From the Flat Whites of Australasia, to the Butter Coffee of Santa Monica, the dark espressos of Milan to the even darker roasts of Paris, coffee has us all* in its thrall. Some like it milky, others like it short, some like it heavy, others like it light – caffeinated, decaffeinated and all points in between.
But what is coffee?
It’s basically derived from the berry in a coffea plant. They look pretty vibrant, yet unremarkable (see picture).
It would be fascinating to taste one in this state. Anyway, contained within this berry (or cherry or whatever you want to call the fruit) is a seed. At some point in the dim and distant past, an Ethiopian person (for coffee is originally attributed to Ethiopia) ate the nondescript berry, and threw the seed on the floor. The sun baked the seed, drying it out. Perhaps the Ethiopian was celebrating their equivalent of Bonfire Night, thus deciding to burn the seeds. At some point, someone, somewhere, then smelled this this strange burnt crispy thing and thought, “Mmm! A rich roast! I shall call it Buna!” (Note: this is not related to the Lamb Bhuna you might find in an Indian restaurant).
Coffee grows best in mountainous regions (such as parts of Africa, South America, Indonesia and India). Altitude creates better “acidity” (the word posh people use to describe a rich coffee flavour – nothing to do with chemical acid).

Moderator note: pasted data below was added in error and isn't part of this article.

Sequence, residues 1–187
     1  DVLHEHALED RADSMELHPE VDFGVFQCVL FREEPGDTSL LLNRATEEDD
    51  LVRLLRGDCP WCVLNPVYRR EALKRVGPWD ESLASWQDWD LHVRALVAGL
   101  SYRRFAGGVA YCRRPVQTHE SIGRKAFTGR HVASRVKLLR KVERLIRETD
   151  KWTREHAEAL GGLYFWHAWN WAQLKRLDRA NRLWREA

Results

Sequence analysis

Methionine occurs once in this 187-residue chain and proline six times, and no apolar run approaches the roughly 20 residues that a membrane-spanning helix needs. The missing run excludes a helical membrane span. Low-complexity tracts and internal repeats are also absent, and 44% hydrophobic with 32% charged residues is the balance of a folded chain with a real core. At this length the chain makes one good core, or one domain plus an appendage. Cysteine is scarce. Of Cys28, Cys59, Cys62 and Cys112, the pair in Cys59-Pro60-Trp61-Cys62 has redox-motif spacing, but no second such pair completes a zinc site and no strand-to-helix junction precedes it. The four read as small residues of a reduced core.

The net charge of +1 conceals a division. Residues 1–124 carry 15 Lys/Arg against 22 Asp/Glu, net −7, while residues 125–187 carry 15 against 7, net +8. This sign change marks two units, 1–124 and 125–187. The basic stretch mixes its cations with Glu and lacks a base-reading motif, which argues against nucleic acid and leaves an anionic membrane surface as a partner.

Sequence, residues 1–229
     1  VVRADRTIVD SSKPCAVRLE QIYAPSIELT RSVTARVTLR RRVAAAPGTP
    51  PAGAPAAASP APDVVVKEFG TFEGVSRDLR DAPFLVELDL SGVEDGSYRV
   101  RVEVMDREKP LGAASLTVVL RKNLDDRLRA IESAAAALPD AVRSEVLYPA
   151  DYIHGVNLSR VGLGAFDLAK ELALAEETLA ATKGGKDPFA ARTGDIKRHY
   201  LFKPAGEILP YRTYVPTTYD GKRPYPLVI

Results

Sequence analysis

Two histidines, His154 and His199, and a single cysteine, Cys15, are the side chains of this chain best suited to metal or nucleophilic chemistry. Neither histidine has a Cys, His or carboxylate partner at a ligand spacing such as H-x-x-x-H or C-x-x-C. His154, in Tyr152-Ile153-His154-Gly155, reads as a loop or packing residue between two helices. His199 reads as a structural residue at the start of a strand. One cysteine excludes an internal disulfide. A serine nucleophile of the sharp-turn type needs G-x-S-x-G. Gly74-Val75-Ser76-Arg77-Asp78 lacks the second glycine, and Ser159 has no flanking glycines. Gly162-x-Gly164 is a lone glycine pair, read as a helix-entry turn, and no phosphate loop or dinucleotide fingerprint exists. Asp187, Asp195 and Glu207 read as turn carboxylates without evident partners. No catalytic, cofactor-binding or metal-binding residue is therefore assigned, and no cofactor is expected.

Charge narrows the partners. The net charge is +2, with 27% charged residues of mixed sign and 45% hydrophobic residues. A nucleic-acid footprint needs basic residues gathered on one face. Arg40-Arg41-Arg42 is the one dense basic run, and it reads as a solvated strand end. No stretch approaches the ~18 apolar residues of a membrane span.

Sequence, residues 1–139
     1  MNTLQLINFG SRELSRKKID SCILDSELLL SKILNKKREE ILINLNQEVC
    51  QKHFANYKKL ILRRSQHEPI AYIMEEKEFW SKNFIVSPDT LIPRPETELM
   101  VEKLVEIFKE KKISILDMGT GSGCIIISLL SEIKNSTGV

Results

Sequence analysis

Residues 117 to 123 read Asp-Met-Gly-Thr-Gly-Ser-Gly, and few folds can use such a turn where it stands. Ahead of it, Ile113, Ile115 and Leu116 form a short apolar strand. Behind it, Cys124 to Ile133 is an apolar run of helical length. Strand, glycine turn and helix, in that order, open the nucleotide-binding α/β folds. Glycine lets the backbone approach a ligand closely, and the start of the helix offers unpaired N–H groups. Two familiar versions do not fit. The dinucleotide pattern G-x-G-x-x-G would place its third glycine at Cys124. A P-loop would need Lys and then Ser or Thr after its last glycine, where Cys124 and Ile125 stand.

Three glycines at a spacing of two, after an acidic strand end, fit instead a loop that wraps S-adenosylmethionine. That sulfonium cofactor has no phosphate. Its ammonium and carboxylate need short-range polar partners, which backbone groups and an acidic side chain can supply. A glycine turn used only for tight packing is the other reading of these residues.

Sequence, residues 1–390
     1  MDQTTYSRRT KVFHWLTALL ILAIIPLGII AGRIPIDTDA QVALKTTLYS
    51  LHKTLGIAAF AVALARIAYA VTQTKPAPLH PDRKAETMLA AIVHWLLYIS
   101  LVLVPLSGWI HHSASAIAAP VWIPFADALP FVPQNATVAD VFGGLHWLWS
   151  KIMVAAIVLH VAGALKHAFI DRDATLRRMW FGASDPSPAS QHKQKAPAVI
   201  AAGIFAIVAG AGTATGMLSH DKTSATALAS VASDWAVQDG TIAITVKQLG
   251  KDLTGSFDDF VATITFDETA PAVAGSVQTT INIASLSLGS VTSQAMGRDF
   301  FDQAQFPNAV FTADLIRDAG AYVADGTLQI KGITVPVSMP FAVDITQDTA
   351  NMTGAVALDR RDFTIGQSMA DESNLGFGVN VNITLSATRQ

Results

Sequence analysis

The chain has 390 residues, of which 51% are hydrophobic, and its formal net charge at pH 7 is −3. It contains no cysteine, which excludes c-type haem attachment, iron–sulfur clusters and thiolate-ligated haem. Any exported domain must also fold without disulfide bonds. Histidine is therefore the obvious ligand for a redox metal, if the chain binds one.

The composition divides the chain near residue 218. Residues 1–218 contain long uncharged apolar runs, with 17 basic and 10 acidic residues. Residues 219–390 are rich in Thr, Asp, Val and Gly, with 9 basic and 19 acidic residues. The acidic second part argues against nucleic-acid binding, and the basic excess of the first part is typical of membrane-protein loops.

Once coffee is harvested and dried, it gets roasted (there are many coffee roasters emerging all over the UK). In Italy they double roast (making it taste stronger yet burning out more of the caffeine) and in France it’s roasted even more (making it very low of caffeine but very strong and intense on flavour). Sometimes beans are mixed to get a balanced flavour (our Verde espresso at the Corner Coffee House uses Vietnamese beans blended with Indian, Ethiopian, Brazilian and Honduran beans).
The beans are then transported to us, who grind them very finely into an espresso shot, and pull water through to create your coffee. It’s a kind of magic – but there is also a lot of history in every cup of freshly made Corner Coffee House coffee.
* OK, most of us.